5 Biggest IP Mistakes and How to Avoid Them

Categories: Business , Commercial Law , Patents and Trademarks

Intellectual Property word cloud on green blackboardMany business owners come to me worried that they have made a mistake with their intellectual property. Sometimes I can help fix the mistake, but other times the company has lost the opportunity to secure an advantage or will need to spend a lot of money to make changes because of their mistake. Sometimes the mistake is big enough that the company shuts down and the owner is left with a large liability after losing everything they put into the business. Every company has some intellectual property. It may include brands, unique processes, customer lists, inventions, marketing plans, and databases. Different types of intellectual property are protected in different ways including contracts, trademarks, copyrights, and patents.

#1 Using a brand name that is too close to the brand of another company.
Brand names are protected by federal trademark law. A company does not need to register for a trademark to enforce trademark rights, but a federally registered trademark in the United States Patent and Trademark Office is much easier to enforce. Companies often think they have the approval to use a brand name because of approval of an LLC name or a state trademark when they are actually infringing the brand name of another company. Trademark infringement does not require an exact match of the name or even direct competition with the trademark owner. Rather, trademark infringement occurs when customers are likely to be confused about who is selling. If the customer is likely to think, even for a second, that your company is associated with or sponsored by another company because of your brand name, you might be infringing. To avoid this mistake, get a brand name cleared by an experienced trademark attorney before using the brand.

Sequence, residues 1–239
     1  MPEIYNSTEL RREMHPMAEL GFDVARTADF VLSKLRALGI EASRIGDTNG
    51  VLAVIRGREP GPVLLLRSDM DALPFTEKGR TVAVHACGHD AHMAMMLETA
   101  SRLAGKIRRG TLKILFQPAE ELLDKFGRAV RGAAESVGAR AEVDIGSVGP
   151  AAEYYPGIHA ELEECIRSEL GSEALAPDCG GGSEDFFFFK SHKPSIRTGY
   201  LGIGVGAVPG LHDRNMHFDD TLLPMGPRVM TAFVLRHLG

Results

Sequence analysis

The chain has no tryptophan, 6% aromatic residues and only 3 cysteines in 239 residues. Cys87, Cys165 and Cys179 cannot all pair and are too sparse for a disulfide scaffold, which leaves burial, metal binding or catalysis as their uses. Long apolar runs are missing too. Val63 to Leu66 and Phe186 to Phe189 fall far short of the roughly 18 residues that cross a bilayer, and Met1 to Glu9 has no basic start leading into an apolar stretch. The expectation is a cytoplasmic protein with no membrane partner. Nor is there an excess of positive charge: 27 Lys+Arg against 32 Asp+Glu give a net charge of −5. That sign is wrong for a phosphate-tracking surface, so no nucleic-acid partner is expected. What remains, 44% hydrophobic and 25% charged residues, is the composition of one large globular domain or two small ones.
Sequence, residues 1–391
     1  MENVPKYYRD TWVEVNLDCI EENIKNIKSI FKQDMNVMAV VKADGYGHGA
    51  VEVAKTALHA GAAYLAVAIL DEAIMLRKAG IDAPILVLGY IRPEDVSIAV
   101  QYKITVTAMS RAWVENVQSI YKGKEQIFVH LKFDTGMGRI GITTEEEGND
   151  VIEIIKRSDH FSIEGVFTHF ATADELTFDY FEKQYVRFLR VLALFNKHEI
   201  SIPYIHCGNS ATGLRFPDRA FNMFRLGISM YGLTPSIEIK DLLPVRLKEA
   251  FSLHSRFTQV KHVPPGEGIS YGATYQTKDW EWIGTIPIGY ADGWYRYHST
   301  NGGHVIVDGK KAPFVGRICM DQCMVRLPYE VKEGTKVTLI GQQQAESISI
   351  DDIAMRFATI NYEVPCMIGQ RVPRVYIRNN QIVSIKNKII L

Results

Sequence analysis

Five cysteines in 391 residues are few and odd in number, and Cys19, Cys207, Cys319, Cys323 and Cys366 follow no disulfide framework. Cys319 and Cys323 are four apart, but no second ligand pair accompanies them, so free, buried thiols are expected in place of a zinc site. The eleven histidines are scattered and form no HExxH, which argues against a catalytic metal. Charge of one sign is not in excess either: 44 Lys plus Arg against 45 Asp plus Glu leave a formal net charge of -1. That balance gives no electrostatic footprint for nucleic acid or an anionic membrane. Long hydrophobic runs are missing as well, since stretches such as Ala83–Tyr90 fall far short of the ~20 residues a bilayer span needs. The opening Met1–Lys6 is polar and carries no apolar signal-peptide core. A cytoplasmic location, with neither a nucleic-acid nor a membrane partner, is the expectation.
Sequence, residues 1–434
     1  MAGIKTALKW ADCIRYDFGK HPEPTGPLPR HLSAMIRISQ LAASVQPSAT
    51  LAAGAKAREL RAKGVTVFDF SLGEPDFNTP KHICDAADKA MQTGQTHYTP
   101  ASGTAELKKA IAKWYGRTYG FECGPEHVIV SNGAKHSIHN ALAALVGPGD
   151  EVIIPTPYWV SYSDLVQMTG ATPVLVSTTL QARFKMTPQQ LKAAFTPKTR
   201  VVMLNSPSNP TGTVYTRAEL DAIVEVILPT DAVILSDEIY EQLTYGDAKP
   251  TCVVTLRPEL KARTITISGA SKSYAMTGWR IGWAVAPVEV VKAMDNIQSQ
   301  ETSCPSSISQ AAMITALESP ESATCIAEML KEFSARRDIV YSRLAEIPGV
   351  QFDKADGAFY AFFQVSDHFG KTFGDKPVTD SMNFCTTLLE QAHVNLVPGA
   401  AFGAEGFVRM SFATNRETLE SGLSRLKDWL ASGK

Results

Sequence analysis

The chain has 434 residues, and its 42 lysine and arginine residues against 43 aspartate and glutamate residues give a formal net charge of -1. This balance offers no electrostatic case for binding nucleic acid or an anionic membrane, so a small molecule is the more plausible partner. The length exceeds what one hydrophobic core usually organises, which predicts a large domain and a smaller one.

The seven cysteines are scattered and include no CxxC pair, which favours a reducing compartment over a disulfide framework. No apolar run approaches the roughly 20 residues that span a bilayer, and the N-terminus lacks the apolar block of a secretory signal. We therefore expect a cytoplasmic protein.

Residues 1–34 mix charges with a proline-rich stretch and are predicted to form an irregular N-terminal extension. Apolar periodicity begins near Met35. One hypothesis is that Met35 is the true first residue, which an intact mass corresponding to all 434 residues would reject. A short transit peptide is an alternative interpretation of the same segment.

#2 Sharing confidential information without a contract.
If you share confidential information without a contract, you cannot stop the other person from sharing or using that information. The biggest way that companies make this mistake is with their employees. Many companies hire employees without requiring them to sign a contract regarding the company’s intellectual property. If the employee leaves to work for a competitor or becomes a competitor by starting their own company, then it will be very difficult to stop them from using confidential knowledge that they gained while working for your company. Even when information is protected in other ways such as copyright, patent, or trademark, it is still important to have employees, contractors, vendors, and partners sign an intellectual property agreement. To avoid this mistake, work with a knowledgeable attorney who can help you draft an enforceable contract to protect your confidential information.

#3 Using photos without permission on their website.